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Charting the Dow’s relevance and your financial resolutions

A television screen on the floor of the

A television screen on the floor of the New York Stock Exchange captured the moment on Jan. 25 when the Dow Jones industrial average traded over 20,000 points for the first time. Credit: AP / Richard Drew

What is it about big, round numbers that excites us? As of this writing, folks are once again obsessed with a new potential milestone for the Dow Jones industrial average: 20,000!

Although I am forced to report on it on a daily basis, I think the Dow is perhaps the least meaningful U.S. stock index available. Sure, it’s got history on its side — it was created by Charles Dow in 1896, in order to provide investors with a snapshot of how the overall stock market was doing. But for an index that is supposed to provide investors with a big-picture view, it includes just 30 large companies. And considering that Amazon, Google and Facebook are not part of the Dow, it is hard to make the case that it reflects the broader market.

Besides its limited size and scope, there’s another big problem with the Dow: The way the average is calculated makes no sense. The index is “price-weighted,” which means that the company with the highest price per share carries the most weight in calculating the daily index value, while the company with the lowest price per share carries the least weight. Because of this method, the daily performance of an expensive Dow stock, like Goldman Sachs, can have an outsized impact on the whole index. That’s why professional investors do not look at the Dow to determine what’s going on in the U.S. stock market; instead they use the Standard & Poor’s 500 index or the Wilshire 5000, both of which use a different methodology based on market capitalization (number of shares outstanding multiplied by the price) of a company, to determine the index’s value.

Despite the inadequacy of the index itself, focusing on any index does not change anything in your financial life. I recently asked you to consider a concrete and achievable financial resolution: not to muck around with your portfolio, to avoid timing the market and to instead get back to the more important financial issues at hand.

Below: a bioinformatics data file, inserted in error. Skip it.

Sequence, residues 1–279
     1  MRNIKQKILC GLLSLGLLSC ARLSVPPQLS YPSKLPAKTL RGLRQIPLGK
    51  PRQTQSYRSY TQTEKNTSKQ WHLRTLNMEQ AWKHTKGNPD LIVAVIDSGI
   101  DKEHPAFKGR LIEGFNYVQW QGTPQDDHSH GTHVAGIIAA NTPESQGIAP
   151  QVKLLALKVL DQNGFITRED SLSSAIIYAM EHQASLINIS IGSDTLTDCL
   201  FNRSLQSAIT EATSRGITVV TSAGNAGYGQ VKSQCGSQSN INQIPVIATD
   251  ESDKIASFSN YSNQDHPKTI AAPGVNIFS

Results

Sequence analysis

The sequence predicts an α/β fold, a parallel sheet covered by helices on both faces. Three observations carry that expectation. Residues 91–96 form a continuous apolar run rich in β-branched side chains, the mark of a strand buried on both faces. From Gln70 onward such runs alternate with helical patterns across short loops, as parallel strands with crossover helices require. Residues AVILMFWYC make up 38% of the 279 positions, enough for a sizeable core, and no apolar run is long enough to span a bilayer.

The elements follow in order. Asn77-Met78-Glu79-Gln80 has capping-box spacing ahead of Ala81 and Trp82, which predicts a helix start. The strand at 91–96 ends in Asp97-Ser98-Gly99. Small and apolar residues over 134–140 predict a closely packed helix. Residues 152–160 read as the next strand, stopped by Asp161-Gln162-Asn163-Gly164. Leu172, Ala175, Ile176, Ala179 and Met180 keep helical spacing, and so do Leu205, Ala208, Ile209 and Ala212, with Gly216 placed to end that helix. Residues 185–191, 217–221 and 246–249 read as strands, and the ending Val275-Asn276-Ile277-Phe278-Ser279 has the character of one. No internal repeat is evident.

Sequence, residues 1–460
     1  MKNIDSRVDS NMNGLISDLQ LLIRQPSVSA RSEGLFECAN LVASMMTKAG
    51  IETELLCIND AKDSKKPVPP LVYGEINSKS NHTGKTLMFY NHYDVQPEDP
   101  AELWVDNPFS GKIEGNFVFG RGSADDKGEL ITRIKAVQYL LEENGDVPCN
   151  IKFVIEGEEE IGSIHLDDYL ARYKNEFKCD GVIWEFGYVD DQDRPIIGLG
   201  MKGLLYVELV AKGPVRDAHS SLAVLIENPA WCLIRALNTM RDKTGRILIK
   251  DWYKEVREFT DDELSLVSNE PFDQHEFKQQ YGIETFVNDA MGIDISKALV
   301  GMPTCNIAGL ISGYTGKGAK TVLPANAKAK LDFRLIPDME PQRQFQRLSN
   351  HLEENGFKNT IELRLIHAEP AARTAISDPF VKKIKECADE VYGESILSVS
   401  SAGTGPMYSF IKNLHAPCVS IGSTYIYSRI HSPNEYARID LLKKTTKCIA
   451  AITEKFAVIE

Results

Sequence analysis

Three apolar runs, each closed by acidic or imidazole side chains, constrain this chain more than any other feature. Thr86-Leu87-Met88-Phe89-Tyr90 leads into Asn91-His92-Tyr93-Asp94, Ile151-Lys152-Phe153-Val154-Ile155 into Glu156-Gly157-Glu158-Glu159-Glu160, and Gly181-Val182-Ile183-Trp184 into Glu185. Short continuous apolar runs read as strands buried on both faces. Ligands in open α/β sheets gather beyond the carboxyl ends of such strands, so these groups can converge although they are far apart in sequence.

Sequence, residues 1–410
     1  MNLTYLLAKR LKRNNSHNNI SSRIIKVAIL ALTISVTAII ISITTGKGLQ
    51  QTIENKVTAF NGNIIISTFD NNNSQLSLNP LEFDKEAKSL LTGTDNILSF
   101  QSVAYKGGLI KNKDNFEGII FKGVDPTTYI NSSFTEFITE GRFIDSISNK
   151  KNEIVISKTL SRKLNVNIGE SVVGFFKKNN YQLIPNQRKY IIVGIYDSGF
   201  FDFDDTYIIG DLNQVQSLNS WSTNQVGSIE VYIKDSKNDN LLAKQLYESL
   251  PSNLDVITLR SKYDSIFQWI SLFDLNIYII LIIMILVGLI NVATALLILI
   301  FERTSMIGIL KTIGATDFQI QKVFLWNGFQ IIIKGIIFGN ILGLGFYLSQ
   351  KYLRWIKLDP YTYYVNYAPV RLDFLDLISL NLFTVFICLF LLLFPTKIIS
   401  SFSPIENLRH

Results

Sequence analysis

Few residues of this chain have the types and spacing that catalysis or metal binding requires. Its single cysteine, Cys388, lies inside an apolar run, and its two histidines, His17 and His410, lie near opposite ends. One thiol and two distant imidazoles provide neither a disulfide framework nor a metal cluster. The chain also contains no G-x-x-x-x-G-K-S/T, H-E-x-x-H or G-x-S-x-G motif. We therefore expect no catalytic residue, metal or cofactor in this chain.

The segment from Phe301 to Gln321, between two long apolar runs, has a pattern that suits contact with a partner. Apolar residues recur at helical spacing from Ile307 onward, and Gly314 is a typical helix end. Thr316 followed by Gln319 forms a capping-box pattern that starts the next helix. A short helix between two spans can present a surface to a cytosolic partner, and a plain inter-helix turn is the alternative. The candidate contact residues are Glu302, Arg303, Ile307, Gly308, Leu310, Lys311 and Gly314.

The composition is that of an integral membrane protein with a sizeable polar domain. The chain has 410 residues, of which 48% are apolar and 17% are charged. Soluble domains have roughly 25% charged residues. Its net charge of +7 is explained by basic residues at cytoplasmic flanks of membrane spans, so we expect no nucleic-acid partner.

A number of you wrote and asked to expand on the list of potential financial resolutions to consider. These ideas are not new, but like recommendations about diet and exercise, the tried-and-true advice holds up over time. Here is a baker’s dozen list of potential financial resolutions:

  • Track where your money goes.
  • Automate bill paying.
  • Go to and review and correct your credit report.
  • Focus on identity theft protection. Change passwords; install firewalls and virus detection software; shred unwanted financial documents; and store personal information in a safe, secure place.
  • Pay down consumer debt (credit card, auto loans).
  • Create an adequate emergency reserve fund (six to 12 months’ worth of expenses; 12 to 24 months’ worth for retirees).
  • Maximize retirement contributions. You may contribute up to $18,000 for 401(k), 403(b) and 457 plans, with an additional $6,000 catch-up contribution available if you are older than 50, and $5,500 for IRAs, with an additional $1,000 catch-up contribution. Enroll in auto rebalancing and auto escalation, if possible.
  • Diversify your portfolio with an asset allocation that is consistent with your time horizon and risk tolerance level.
  • Draft or update your will, power of attorney, health care proxy and other estate documents.
  • Review insurance coverage (life, disability, long-term care and property and casualty).
  • Consider refinancing your mortgage. In December, the Federal Reserve raised rates by a quarter of a point and is on track to continue doing so this year. Mortgage rates have already started to rise, but they are still at historically low levels.
  • Consider funding a 529 plan for college expenses.
  • Have the “money talk” with spouse/kids/parents.

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